Stack Overflow is a community of 4.7 million programmers, just like you, helping each other.

Join them; it only takes a minute:

Sign up
Join the Stack Overflow community to:
  1. Ask programming questions
  2. Answer and help your peers
  3. Get recognized for your expertise

I'm trying to make a heatmap using heatmap.2 but I don't get a cell border. If I set the parameter sepwidth and sepcolor it does not work, I have to include the colsep and rowsep parameters but still doing that, some cell borders are not drawn, any ideas?

heatmap.2(as.matrix(df), key=F, trace="none", ColSideColors=colorside, 
                         cexRow=0.6, breaks=bk1, col=colors2, 
                         lmat=rbind(c(0,0), c(0,4), c(0,1), c(3,2), c(0,0)),
                         sepwidth=c(0.01, 0.01), sepcolor="black", 
                         colsep=1:length(df), rowsep=1:length(df))
share|improve this question
up vote 7 down vote accepted

It appears your problem is with the colsep and rowsep arguments. From the help file:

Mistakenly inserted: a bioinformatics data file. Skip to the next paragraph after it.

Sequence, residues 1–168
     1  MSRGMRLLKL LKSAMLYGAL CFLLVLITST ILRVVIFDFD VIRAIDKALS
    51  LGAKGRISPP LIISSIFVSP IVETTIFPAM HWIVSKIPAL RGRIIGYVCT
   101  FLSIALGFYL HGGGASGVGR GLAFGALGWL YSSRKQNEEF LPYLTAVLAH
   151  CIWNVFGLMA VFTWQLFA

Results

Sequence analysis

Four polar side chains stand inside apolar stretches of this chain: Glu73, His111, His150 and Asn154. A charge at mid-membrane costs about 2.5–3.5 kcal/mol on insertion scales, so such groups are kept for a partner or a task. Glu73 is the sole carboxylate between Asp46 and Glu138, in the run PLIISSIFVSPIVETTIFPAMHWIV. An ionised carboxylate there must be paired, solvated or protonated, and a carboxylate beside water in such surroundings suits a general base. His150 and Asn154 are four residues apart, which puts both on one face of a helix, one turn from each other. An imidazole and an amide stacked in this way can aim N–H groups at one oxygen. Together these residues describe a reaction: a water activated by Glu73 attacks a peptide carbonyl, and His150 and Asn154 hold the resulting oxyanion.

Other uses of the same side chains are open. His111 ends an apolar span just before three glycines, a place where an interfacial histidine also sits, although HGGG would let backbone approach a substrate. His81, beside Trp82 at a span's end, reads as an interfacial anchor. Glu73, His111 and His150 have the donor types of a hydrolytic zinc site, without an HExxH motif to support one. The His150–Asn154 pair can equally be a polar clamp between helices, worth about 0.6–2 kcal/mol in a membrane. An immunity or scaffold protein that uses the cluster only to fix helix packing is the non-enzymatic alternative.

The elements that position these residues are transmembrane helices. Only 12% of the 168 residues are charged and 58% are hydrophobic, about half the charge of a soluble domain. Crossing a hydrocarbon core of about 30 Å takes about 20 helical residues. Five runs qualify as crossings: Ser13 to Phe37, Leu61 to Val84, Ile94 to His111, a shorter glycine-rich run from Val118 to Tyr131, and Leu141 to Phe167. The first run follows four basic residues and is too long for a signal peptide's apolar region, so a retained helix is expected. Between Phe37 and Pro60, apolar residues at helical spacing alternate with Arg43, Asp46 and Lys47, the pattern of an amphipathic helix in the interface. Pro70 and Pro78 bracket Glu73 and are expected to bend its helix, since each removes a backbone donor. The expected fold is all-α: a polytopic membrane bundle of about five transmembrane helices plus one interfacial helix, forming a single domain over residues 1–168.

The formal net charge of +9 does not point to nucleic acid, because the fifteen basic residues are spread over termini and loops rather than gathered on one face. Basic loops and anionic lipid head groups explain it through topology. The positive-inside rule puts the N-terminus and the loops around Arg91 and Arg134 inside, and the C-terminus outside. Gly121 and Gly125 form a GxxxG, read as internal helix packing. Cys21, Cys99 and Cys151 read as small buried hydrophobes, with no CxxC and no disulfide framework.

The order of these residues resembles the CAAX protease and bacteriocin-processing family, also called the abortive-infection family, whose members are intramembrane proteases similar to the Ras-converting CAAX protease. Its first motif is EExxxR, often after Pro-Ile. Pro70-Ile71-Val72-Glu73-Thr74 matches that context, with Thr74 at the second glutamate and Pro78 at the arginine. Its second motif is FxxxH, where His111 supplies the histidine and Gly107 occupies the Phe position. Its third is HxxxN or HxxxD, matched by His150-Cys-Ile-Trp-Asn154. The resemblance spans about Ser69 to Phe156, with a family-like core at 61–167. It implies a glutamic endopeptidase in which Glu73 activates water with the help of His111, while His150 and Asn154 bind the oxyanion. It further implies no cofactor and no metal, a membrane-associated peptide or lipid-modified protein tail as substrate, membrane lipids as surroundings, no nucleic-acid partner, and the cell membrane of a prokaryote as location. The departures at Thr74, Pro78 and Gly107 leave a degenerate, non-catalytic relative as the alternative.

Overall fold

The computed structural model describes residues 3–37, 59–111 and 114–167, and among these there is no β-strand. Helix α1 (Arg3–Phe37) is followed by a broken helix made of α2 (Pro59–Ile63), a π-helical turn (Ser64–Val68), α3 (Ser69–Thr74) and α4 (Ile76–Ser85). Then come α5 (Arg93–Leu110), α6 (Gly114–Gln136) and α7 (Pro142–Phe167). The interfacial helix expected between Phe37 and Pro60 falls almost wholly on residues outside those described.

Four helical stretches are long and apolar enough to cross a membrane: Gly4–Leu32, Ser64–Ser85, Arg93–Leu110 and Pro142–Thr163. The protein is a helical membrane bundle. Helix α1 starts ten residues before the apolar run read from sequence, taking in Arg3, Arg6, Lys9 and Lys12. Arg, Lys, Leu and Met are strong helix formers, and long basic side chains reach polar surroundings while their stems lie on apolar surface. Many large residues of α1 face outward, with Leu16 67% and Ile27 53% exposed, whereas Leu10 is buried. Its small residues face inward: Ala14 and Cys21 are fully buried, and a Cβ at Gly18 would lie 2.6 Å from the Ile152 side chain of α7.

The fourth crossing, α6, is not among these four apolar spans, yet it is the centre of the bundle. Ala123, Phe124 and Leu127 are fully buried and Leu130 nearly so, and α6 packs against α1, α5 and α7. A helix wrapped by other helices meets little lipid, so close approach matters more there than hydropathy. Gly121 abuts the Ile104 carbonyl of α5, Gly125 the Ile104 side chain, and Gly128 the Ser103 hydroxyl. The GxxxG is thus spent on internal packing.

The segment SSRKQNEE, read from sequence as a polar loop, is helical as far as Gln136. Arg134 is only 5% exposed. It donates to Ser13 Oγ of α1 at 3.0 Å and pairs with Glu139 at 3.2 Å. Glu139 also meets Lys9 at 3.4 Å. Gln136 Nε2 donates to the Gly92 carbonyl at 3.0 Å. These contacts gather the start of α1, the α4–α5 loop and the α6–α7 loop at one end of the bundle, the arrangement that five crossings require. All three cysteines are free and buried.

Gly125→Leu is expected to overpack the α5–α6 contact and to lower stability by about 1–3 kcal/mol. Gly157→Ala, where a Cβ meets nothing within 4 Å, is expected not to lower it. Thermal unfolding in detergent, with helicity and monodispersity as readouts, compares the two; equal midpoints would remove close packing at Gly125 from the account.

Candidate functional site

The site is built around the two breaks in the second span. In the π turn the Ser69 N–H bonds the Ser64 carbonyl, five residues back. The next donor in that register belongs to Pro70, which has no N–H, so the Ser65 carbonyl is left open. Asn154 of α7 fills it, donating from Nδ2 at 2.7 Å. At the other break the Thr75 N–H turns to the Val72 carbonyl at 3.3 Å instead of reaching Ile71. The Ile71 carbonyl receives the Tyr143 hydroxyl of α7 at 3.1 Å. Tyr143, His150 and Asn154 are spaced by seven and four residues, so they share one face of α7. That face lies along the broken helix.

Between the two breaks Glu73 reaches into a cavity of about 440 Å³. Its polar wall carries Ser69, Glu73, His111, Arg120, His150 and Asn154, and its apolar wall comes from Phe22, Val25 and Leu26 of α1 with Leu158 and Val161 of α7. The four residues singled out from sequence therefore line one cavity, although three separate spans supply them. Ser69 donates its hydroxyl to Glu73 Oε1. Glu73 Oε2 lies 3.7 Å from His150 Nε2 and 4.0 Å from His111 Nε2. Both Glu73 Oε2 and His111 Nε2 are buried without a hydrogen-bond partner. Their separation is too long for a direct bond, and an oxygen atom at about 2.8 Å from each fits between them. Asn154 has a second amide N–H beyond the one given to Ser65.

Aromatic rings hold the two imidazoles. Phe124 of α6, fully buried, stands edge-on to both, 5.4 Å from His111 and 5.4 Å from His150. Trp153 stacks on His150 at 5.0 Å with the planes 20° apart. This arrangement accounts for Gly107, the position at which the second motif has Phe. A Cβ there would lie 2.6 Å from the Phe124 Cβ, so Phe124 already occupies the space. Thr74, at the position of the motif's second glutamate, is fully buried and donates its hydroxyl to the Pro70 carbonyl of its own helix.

colsep, rowsep, sepcolor (optional) vector of integers indicating which columns or rows should be separated from the preceding columns or rows by a narrow space of color sepcolor

Instead of "indicating which columns or rows should be separated", your code creates a vector as long as the number of elements in the matrix. If you had set colsep=c(1,3), the separator between the 1st and 2rd columns and the separator between the 3rd and 4th columns would have been colored. I don't believe there is a way to color the cell borders without using the colsep and rowsep arguments. The cell borders are, by default, not drawn unless these arguments are given values.

# First, a reproducible data set
mat = matrix( rnorm(100), ncol=5 )
colorside = gray(1:5/5)
bk1 = seq(min(mat),max(mat),length.out=11)
col = redgreen(10)

# And now the heatmap
heatmap.2( mat, 

enter image description here

share|improve this answer

Your Answer


By posting your answer, you agree to the privacy policy and terms of service.

Not the answer you're looking for? Browse other questions tagged or ask your own question.